Wenzel v. Arpaio et al, No. 2:2009cv01927 - Document 7 (D. Ariz. 2009)

Court Description: ORDER granting Pla's 3 Motion (application) for Leave to Proceed in forma pauperis. The 1 Complaint is dismissed for failure to state a claim. Pla has 30 days from the date this Order is filed to file a first amended complaint in compliance with this Order. If Pla fails to comply, the Clerk of Court must, without further notice, enter a judgment of dismissal of this action with prejudice that states that the dismissal may count as a "strike" under 28 U.S.C. § 1915(g). Signed by Judge Mary H Murguia on 11/17/09. (Attachments: # 1 PCR Complaint Form) (ESL)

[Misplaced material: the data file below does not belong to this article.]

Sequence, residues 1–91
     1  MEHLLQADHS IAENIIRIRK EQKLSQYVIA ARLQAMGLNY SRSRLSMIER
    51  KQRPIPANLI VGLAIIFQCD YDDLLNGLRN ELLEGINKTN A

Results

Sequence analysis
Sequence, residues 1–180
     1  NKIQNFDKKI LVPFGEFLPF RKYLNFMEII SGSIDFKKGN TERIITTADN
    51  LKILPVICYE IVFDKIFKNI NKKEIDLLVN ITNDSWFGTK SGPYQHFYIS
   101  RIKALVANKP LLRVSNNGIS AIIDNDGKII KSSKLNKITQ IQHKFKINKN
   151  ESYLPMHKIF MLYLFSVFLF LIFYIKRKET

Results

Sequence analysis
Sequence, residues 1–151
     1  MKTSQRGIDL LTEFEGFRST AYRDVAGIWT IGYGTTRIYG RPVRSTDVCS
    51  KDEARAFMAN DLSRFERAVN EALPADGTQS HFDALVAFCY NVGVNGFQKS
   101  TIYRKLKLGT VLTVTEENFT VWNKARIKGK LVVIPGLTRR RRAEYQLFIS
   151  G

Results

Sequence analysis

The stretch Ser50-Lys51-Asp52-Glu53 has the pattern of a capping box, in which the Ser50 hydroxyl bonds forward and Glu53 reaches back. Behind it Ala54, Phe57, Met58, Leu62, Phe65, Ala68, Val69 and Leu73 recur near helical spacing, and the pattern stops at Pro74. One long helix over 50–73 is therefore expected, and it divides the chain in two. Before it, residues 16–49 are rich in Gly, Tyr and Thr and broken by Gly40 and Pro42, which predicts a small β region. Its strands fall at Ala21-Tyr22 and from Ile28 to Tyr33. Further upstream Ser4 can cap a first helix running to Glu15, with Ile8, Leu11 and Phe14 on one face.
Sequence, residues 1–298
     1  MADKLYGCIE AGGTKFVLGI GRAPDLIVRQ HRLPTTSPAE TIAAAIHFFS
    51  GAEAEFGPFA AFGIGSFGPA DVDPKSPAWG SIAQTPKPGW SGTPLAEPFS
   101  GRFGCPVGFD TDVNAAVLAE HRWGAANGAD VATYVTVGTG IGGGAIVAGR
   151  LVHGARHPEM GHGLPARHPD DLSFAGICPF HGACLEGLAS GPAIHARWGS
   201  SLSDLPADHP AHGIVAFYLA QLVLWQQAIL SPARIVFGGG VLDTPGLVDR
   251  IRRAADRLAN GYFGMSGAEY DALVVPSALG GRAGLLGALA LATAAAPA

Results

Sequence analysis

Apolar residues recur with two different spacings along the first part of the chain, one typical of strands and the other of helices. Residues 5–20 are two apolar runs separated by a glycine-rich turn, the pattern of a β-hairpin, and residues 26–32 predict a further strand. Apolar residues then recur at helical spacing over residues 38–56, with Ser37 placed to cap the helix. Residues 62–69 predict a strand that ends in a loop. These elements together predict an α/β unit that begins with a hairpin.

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Wenzel v. Arpaio et al 1 Doc. 7 WO SC 2 3 4 5 6 IN THE UNITED STATES DISTRICT COURT 7 FOR THE DISTRICT OF ARIZONA 8 Nick R. Wenzel, 9 Plaintiff, 10 vs. 11 Joseph M. Arpaio, et al., 12 Defendants. 13 ) ) ) ) ) ) ) ) ) ) No. CV 09-1927-PHX-MHM (JRI) ORDER 14 Plaintiff Nick R. Wenzel, who is now confined in the Arizona State Prison Complex, 15 Gila Unit, in Douglas, Arizona, has filed a pro se civil rights Complaint pursuant to 42 16 U.S.C. § 1983 and an Application to Proceed In Forma Pauperis. (Doc.# 1, 3.)1 Plaintiff 17 has also sent a letter to the Court, which has been filed as a notice.2 (Doc.# 5.) The Court 18 will dismiss the Complaint with leave to amend. 19 I. Application to Proceed In Forma Pauperis and Filing Fee 20 Plaintiff’s Application to Proceed In Forma Pauperis will be granted. 28 U.S.C. 21 § 1915(a). Plaintiff must pay the statutory filing fee of $350.00. 28 U.S.C. § 1915(b)(1). 22 The Court will assess an initial partial filing fee of $85.07. The remainder of the fee will be 23 collected monthly in payments of 20% of the previous month’s income each time the amount 24 in the account exceeds $10.00. 28 U.S.C. § 1915(b)(2). The Court will enter a separate 25 26 1 27 2 28 “Doc.#” refers to the docket number of filings in this case. In the letter, Plaintiff seeks information regarding the assigned case number because his copy of the notice of assignment was apparently misplaced after his transfer to prison. The case number appears above. JDDL-K Dockets.Justia.com JDDL-K 1 Order requiring the appropriate government agency to collect and forward the fees according 2 to the statutory formula. 3 II. Statutory Screening of Prisoner Complaints 4 The Court is required to screen complaints brought by prisoners seeking relief against 5 a governmental entity or an officer or an employee of a governmental entity. 28 U.S.C. 6 § 1915A(a). The Court must dismiss a complaint or portion thereof if a plaintiff has raised 7 claims that are legally frivolous or malicious, that fail to state a claim upon which relief may 8 be granted, or that seek monetary relief from a defendant who is immune from such relief. 9 28 U.S.C. § 1915A(b)(1), (2). 10 A pleading must contain a “short and plain statement of the claim showing that the 11 pleader is entitled to relief.” Fed. R. Civ. P. 8(a)(2) (emphasis added). While Rule 8 does not 12 demand detailed factual allegations, “it demands more than an unadorned, the-defendant- 13 unlawfully-harmed-me accusation.” Ashcroft v. Iqbal, 129 S. Ct. 1937, 1949 (2009). 14 “Threadbare recitals of the elements of a cause of action, supported by mere conclusory 15 statements, do not suffice.” Id. 16 “[A] complaint must contain sufficient factual matter, accepted as true, to ‘state a 17 claim to relief that is plausible on its face.’” Id. (quoting Bell Atlantic Corp. v. Twombly, 18 550 U.S. 544, 570 (2007)). A claim is plausible “when the plaintiff pleads factual content 19 that allows the court to draw the reasonable inference that the defendant is liable for the 20 misconduct alleged.” Id. “Determining whether a complaint states a plausible claim for 21 relief [is] . . . a context-specific task that requires the reviewing court to draw on its judicial 22 experience and common sense.” Id. at 1950. Thus, although a plaintiff’s specific factual 23 allegations may be consistent with a constitutional claim, a court must assess whether there 24 are other “more likely explanations” for a defendant’s conduct. Id. at 1951. 25 If the Court determines that a pleading could be cured by the allegation of other facts, 26 a pro se litigant is entitled to an opportunity to amend a complaint before dismissal of the 27 action. See Lopez v. Smith, 203 F.3d 1122, 1127-29 (9th Cir. 2000) (en banc). The Court 28 should not, however, advise the litigant how to cure the defects. This type of advice “would -2- JDDL-K 1 undermine district judges’ role as impartial decisionmakers.” Pliler v. Ford, 542 U.S. 225, 2 231 (2004); see also Lopez, 203 F.3d at 1131 n.13 (declining to decide whether the court was 3 required to inform a litigant of deficiencies). Plaintiff’s Complaint will be dismissed for 4 failure to state a claim, with leave to amend because the Complaint may possibly be saved 5 by amendment. 6 III. Complaint 7 Plaintiff alleges three claims for failure to protect, constitutionally inadequate medical 8 care, and state law negligence regarding events while he was held as a pretrial detainee in 9 Maricopa County’s Fourth Avenue Jail. Plaintiff sues Maricopa County Sheriff Joseph M. 10 Arpaio; the Maricopa County Sheriff’s Office (MCSO); Maricopa County; Maricopa County 11 Correctional Health Services (CHS); ABC agencies 1-10; ABC Companies 1-10; and Does 12 1 to 20. Plaintiff seeks compensatory relief. 13 Plaintiff alleges the following facts in his Complaint: On November 5, 2008, Plaintiff 14 and 27 other pretrial detainees were to be transported from the Fourth Avenue Jail to court 15 in Glendale. Deputy A handcuffed Plaintiff and chained his legs to several other detainees 16 before putting the detainees into the transport vehicle. Plaintiff and other detainees noticed 17 a strong smell of alcohol from Deputy A. Plaintiff asked Deputy A whether he had arrests 18 for driving under the influence. Deputy A told Plaintiff that he had been arrested at least four 19 times before being hired by MCSO and assigned as a transportation officer and driver. 20 Plaintiff objected to overcrowding and the lack of seats and safety restraints for the detainees, 21 but Deputy A ordered Plaintiff into the vehicle and to sit on the floor. Deputy A drove the 22 vehicle erratically causing the detainees to be shaken, thrown, and buffeted. When they 23 arrived at the Glendale court, Deputy A drove the vehicle into a side wall of the court 24 building, which Plaintiff attributes to being inebriated. Plaintiff’s back, neck, and right leg 25 were injured, although Plaintiff does not describe the nature or severity of his injuries. 26 Plaintiff was denied immediate medical attention and Deputy A and other officers refused 27 to call police or emergency medical personnel, but instead forced the detainees into a small 28 holding pen. Plaintiff attempted to inform Deputy A and other officers of his “serious -3- JDDL-K 1 injuries,” but he was “deliberately ignored.” (Doc.# 1 at 3C.) 2 IV. Failure to State a Claim Under § 1983 3 To state a claim under § 1983, a plaintiff must allege facts supporting that (1) the 4 conduct about which he complains was committed by a person acting under the color of state 5 law and (2) the conduct deprived him of a federal constitutional or statutory right. Wood v. 6 Ostrander, 879 F.2d 583, 587 (9th Cir. 1989). In addition, a plaintiff must allege that he 7 suffered a specific injury as a result of the conduct of a particular defendant and he must 8 allege an affirmative link between the injury and the conduct of that defendant. Rizzo v. 9 Goode, 423 U.S. 362, 371-72, 377 (1976). 10 A. Fictitious Defendants 11 Plaintiff sues numerous fictitiously-identified Defendants without alleging how any 12 fictitiously-named Defendant violated his constitutional or statutory rights. Generally, the 13 use of anonymous type appellations to identify defendants is not favored. Rule 10(a) of the 14 Federal Rules of Civil Procedure requires the plaintiff to include the names of the parties in 15 the action. As a practical matter, it is impossible in most instances for the United States 16 Marshal or his designee to serve a summons and complaint or amended complaint upon an 17 anonymous defendant. 18 The Ninth Circuit has held that where identity is unknown prior to the filing of a 19 complaint, the plaintiff should be given an opportunity through discovery to identify the 20 unknown defendants, unless it is clear that discovery would not uncover the identities, or that 21 the complaint would be dismissed on other grounds. Wakefield v. Thompson, 177 F.3d 22 1160, 1163 (9th Cir. 1999) (citing Gillespie v. Civiletti, 629 F.2d 637, 642 (9th Cir. 1980)). 23 Where the names of individual defendants are unknown at the time a complaint is filed, a 24 plaintiff may refer to the individual unknown defendants fictitiously as John Doe 1, John Doe 25 2, John Doe 3, and so on, and allege facts to support how each particular Doe defendant 26 violated the plaintiff’s constitutional rights. Where an unknown defendant is an entity, a 27 plaintiff may refer to that entity as Doe Entity 1, Doe Entity 2 and so. He must also allege 28 facts to support that the entity acted under color of state law and how it violated the -4- 1 plaintiff’s constitutional rights. The plaintiff may thereafter use the discovery processes to 2 obtain the names of fictitiously-named defendants whom he believes violated his 3 constitutional rights and seek leave to amend to name those defendants. 4 B. 5 Plaintiff also sues MCSO; however, it is not a proper Defendant. In Arizona, the 6 responsibility for operating jails and caring for prisoners is placed by law upon the sheriff 7 and the County. See A.R.S. §§ 11-251(8), 11-291(A), 11-441(A)(5), 31-101. MCSO is 8 simply an administrative creation of the sheriff to allow him to carry out his statutory duties 9 and is not a “person” amenable to suit pursuant to § 1983. Accordingly, MCSO will be 10 JDDL-K MCSO dismissed from this action as a Defendant. 11 C. Sheriff Arpaio 12 Plaintiff sues Maricopa County Sheriff Arpaio. Although Arpaio may properly be 13 sued for constitutional violations, Plaintiff fails to state a claim against him. “A plaintiff 14 must allege facts, not simply conclusions, that show that an individual was personally 15 involved in the deprivation of his civil rights.” Barren v. Harrington, 152 F.3d 1193, 1194 16 (9th Cir. 1998). For an individual to be liable in his official capacity, a plaintiff must allege 17 that the official acted as a result of a policy, practice, or custom. See Cortez v. County of Los 18 Angeles, 294 F.3d 1186, 1188 (9th Cir. 2001). Further, there is no respondeat superior 19 liability under § 1983, so a defendant’s position as the supervisor of a someone who 20 allegedly violated a plaintiff’s constitutional rights does not make him liable. Monell v. 21 Dep’t of Soc. Servs., 436 U.S. 658, 691 (1978); Taylor v. List, 880 F.2d 1040, 1045 (9th Cir. 22 1989). A supervisor in his individual capacity, “is only liable for constitutional violations 23 of his subordinates if the supervisor participated in or directed the violations, or knew of the 24 violations and failed to act to prevent them.” Taylor, 880 F.2d at 1045. 25 Plaintiff merely makes vague and conclusory assertions that Arpaio was aware of 26 “unlawful conduct” of subordinate staff that violated Plaintiff’s constitutional rights. As 27 noted above, respondeat superior does not support liability under § 1983 and Plaintiff fails 28 to allege facts to support that Arpaio enacted or enforced a policy, custom, or practice that -5- JDDL-K 1 resulted in the denial of Plaintiff’s constitutional rights. Plaintiff also fails to allege facts to 2 support that Arpaio directly violated his constitutional rights or that he was aware that 3 Plaintiff’s rights were being violated but failed to act. Plaintiff therefore fails to state a claim 4 against Arpaio in his Complaint. 5 D. Maricopa County 6 Plaintiff also sues Maricopa County. A municipality, such as Maricopa County, may 7 not be held liable unless its policy or custom caused the constitutional injury. See 8 Leatherman v. Tarrant County Narcotics Intelligence and Coordination Unit, 507 U.S. 163, 9 166 (1993); Monell, 436 U.S. 658, 694 (1978). Thus, a municipality may not be sued solely 10 because an injury was inflicted by one of its employees or agents. Long v. County of Los 11 Angeles, 442 F.3d 1178, 1185 (9th Cir. 2006). Rather, the municipality is liable only when 12 the execution of its policy or custom inflicts the constitutional injury. Id.; Miranda v. City 13 of Cornelius, 429 F.3d 858, 868 (9th Cir. 2005). Therefore, a plaintiff cannot state a § 1983 14 claim against a municipal defendant unless he alleges that the municipal defendant 15 maintained a policy or custom pertinent to the plaintiff’s alleged injury and explains how 16 such policy or custom caused his injury. Sadoski v. Mosley, 435 F.3d 1076, 1080 (9th Cir. 17 2006) (affirming dismissal of a municipal defendant pursuant to Fed. R. Civ. P. 12(b)(6)). 18 Plaintiff makes only vague and conclusory assertions that Maricopa County has a 19 custom, practice or policy that resulted in a denial of Plaintiff’s constitutional rights. He does 20 not allege facts to support that Maricopa County maintains a policy or custom that resulted 21 in the violation of his constitutional rights. Therefore, he fails to state a claim against 22 Maricopa County. 23 E. Threat to Safety/Failure to Protect 24 In Count I, Plaintiff alleges a claim for threat to his safety or failure to protect. Jailors 25 are required to take reasonable measures to guarantee the safety of inmates and officials have 26 a duty to protect prisoners from violence at the hands of other prisoners. Farmer v. Brennan, 27 511 U.S. 825, 832-33 (1994); Frost v. Agnos, 152 F.3d 1124, 1128 (9th Cir. 1998). To state 28 a claim for threats to safety, an inmate must allege facts to support that he was incarcerated -6- JDDL-K 1 under conditions posing a substantial risk of harm and that prison officials were “deliberately 2 indifferent” to those risks. Id.; Redman v. County of Los Angeles, 942 F.2d 1435, 1443 (9th 3 Cir. 1991) (en banc). To adequately allege deliberate indifference, a plaintiff must set forth 4 facts to support that a defendant knew of, but disregarded, an excessive risk to inmate safety. 5 Farmer, 511 U.S. at 837. That is, “the official must both [have been] aware of facts from 6 which the inference could be drawn that a substantial risk of serious harm exist[ed], and he 7 must also [have] draw[n] the inference.” Farmer, 511 U.S. at 837; Frost, 152 F.3d at 1128; 8 Redman, 942 F.2d at 1442. 9 Plaintiff alleges that he smelled alcohol on Deputy A. Plaintiff does not allege facts 10 to support that he reported this to any other officer or facts to support that any officer was 11 aware of facts from which the inference could be drawn that Deputy A was driving under the 12 influence. Plaintiff therefore fails to state a claim for failure to protect or threats to his safety 13 against any Defendant. 14 F. Medical Care 15 In Count II, Plaintiff alleges that he received constitutionally inadequate medical care. 16 To state a claim for a constitutional violation regarding medical care, a plaintiff must allege 17 facts to support that he has or had a serious medical need and that a particular defendant 18 acted with deliberate indifference to that need. See Estelle v. Gamble, 429 U.S. 97, 104-05 19 (1976) (Eighth Amendment standard for convicted inmates); Lolli v. County of Orange, 351 20 F.3d 410, 418-19 (9th Cir. 2003) (Fourteenth Amendment standard for unconvicted inmates). 21 To allege a serious medical need, a plaintiff must set forth facts to support that the “‘failure 22 to treat a prisoner’s condition could result in further significant injury or the ‘unnecessary 23 and wanton infliction of pain.’” Jett v. Penner, 439 F.3d 1091, 1096 (9th Cir. 2006) (quoting 24 McGuckin v. Smith, 974 F.2d 1050, 1059 (9th Cir. 1991), overruled on other grounds by 25 WMX Techs, Inc. v. Miller, 104 F.3d 1133 (9th Cir. 1997) (en banc)). Deliberate 26 indifference may occur if “prison officials deny, delay or intentionally interfere with medical 27 treatment.” Hutchinson v. United States, 838 F.2d 390, 394 (9th Cir. 1988). Mere 28 negligence, however, “‘in diagnosing or treating a medical condition, without more, does not -7- JDDL-K 1 violate a prisoner”s Eighth Amendment rights.’” Lopez, 203 F.3d at 1131 (quoting 2 Hutchinson, 838 F.2d at 394). Further, a delay in receiving medical care, without more, is 3 insufficient to state a claim against a jailor for deliberate indifference unless the plaintiff can 4 show that the delay in treatment harmed him. Shapley v. Nevada Bd. of State Prison 5 Comm’rs, 766 F.2d 404, 407 (9th Cir. 1985). In addition, differences in judgment between 6 an inmate and jail medical personnel regarding appropriate medical diagnosis or treatment 7 are not enough to state a deliberate indifference claim. Sanchez v. Vild, 891 F.2d 240, 242 8 (9th Cir. 1989). 9 Plaintiff alleges that after arrival at the Glendale court, Deputy A and other officers 10 refused to provide emergency medical attention or to take him to the hospital. Plaintiff was 11 then transported back to the Fourth Avenue Jail, where he was taken to the medical station 12 for transport to the Maricopa County Medical Center. Several hours later, Plaintiff was 13 examined by a doctor and a CAT scan was ordered. The same afternoon, a doctor prescribed 14 pain medication, recommended an MRI, and a follow-up examination. The next day, 15 November 6, 2008, Plaintiff was examined by a doctor at the Fourth Avenue Jail and was 16 prescribed pain medication. On November 20, 2008, Plaintiff was charged $20 by Maricopa 17 County Correctional Health Services for his medical appointment. Plaintiff contends that he 18 has received no additional follow-up care and that multiple health needs requests have been 19 ignored or denied. 20 Plaintiff does not describe the nature or severity of any injury, nor does he allege facts 21 to support that any injury was readily apparent to staff such that the failure to seek 22 emergency treatment constituted deliberate indifference. Further, while Plaintiff contends 23 that he received no further medical follow-up after an examination the day after the accident, 24 he does not allege what, if any, symptoms he continued to suffer or their severity. For these 25 reasons, Plaintiff fails to state a claim for deliberate indifference to a serious medical need. 26 V. State Law Claim 27 In Count III, Plaintiff alleges a state law claim for negligence pursuant to the Court’s 28 supplemental jurisdiction. This claim will be dismissed without prejudice. Where a federal -8- JDDL-K 1 court has original jurisdiction over an action, such as a case asserting violations of 42 U.S.C. 2 § 1983, the doctrine of pendent jurisdiction allows a federal court to exercise “pendent” or 3 “supplemental” jurisdiction over closely related state law claims. Bahrampour v. Lampert, 4 356 F.3d 969, 978 (9th Cir. 2004) (citing 28 U.S.C. § 1367(a)). Because Plaintiff has failed 5 to state a federal constitutional claim in his Complaint, the Court declines to exercise 6 jurisdiction over any state law claim and will dismiss such claims without prejudice. 28 7 U.S.C. § 1367(c). 8 VI. Leave to Amend 9 For the foregoing reasons, Plaintiff’s Complaint will be dismissed for failure to state 10 a claim upon which relief may be granted. Within 30 days, Plaintiff may submit a first 11 amended complaint to cure the deficiencies outlined above. The Clerk of Court will mail 12 Plaintiff a court-approved form to use for filing a first amended complaint. If Plaintiff fails 13 to use the court-approved form, the Court may strike the amended complaint and dismiss this 14 action without further notice to Plaintiff. 15 Plaintiff must clearly designate on the face of the document that it is the “First 16 Amended Complaint.” The first amended complaint must be retyped or rewritten in its 17 entirety on the court-approved form and may not incorporate any part of the original 18 Complaint by reference. Plaintiff may include only one claim per count. 19 A first amended complaint supersedes the original complaint. Ferdik v. Bonzelet, 963 20 F.2d 1258, 1262 (9th Cir. 1992); Hal Roach Studios v. Richard Feiner & Co., 896 F.2d 1542, 21 1546 (9th Cir. 1990). After amendment, the Court will treat an original complaint as 22 nonexistent. Ferdik, 963 F.2d at 1262. Any cause of action that was raised in the original 23 complaint is waived if it is not raised in a first amended complaint. King v. Atiyeh, 814 F.2d 24 565, 567 (9th Cir. 1987). 25 VII. Warnings 26 A. Release 27 Plaintiff must pay the unpaid balance of the filing fee within 120 days of his release. 28 Also, within 30 days of his release, he must either (1) notify the Court that he intends to pay -9- 1 the balance or (2) show good cause, in writing, why he cannot. Failure to comply may result 2 in dismissal of this action. 3 B. 4 Plaintiff must file and serve a notice of a change of address in accordance with Rule 5 83.3(d) of the Local Rules of Civil Procedure. Plaintiff must not include a motion for other 6 relief with a notice of change of address. Failure to comply may result in dismissal of this 7 action. 8 C. 9 Plaintiff must submit an additional copy of every filing for use by the Court. See 10 LRCiv 5.4. Failure to comply may result in the filing being stricken without further notice 11 to Plaintiff. Copies 12 D. 13 Because the Complaint has been dismissed for failure to state a claim, if Plaintiff fails 14 to file an amended complaint correcting the deficiencies identified in this Order, the 15 dismissal may count as a “strike” under the “3-strikes” provision of 28 U.S.C. § 1915(g). 16 Under the 3-strikes provision, a prisoner may not bring a civil action or appeal a civil 17 judgment in forma pauperis under 28 U.S.C. § 1915 “if the prisoner has, on 3 or more prior 18 occasions, while incarcerated or detained in any facility, brought an action or appeal in a 19 court of the United States that was dismissed on the grounds that it is frivolous, malicious, 20 or fails to state a claim upon which relief may be granted, unless the prisoner is under 21 imminent danger of serious physical injury.” 28 U.S.C. § 1915(g). Possible “Strike” 22 E. 23 If Plaintiff fails to timely comply with every provision of this Order, including these 24 warnings, the Court may dismiss this action without further notice. See Ferdik, 963 F.2d at 25 1260-61 (a district court may dismiss an action for failure to comply with any order of the 26 Court). 27 IT IS ORDERED: 28 JDDL-K Address Changes (1) Possible Dismissal Plaintiff’s Application to Proceed In Forma Pauperis, filed with the Complaint, - 10 - 1 2 3 4 is granted. (Doc.# 3.) (2) As required by the accompanying Order to the appropriate government agency, Plaintiff must pay the $350.00 filing fee and is assessed an initial partial filing fee of $85.07. (3) The Complaint (doc.# 1) is dismissed for failure to state a claim. Plaintiff has 5 30 days from the date this Order is filed to file a first amended complaint in compliance with 6 this Order. 7 (4) If Plaintiff fails to file an amended complaint within 30 days, the Clerk of 8 Court must, without further notice, enter a judgment of dismissal of this action with prejudice 9 that states that the dismissal may count as a “strike” under 28 U.S.C. § 1915(g). 10 11 12 (5) The Clerk of Court must mail Plaintiff a court-approved form for filing a civil rights complaint by a prisoner. DATED this 17th day of November, 2009. 13 14 15 16 17 18 19 20 21 22 23 24 25 26 27 28 JDDL-K - 11 -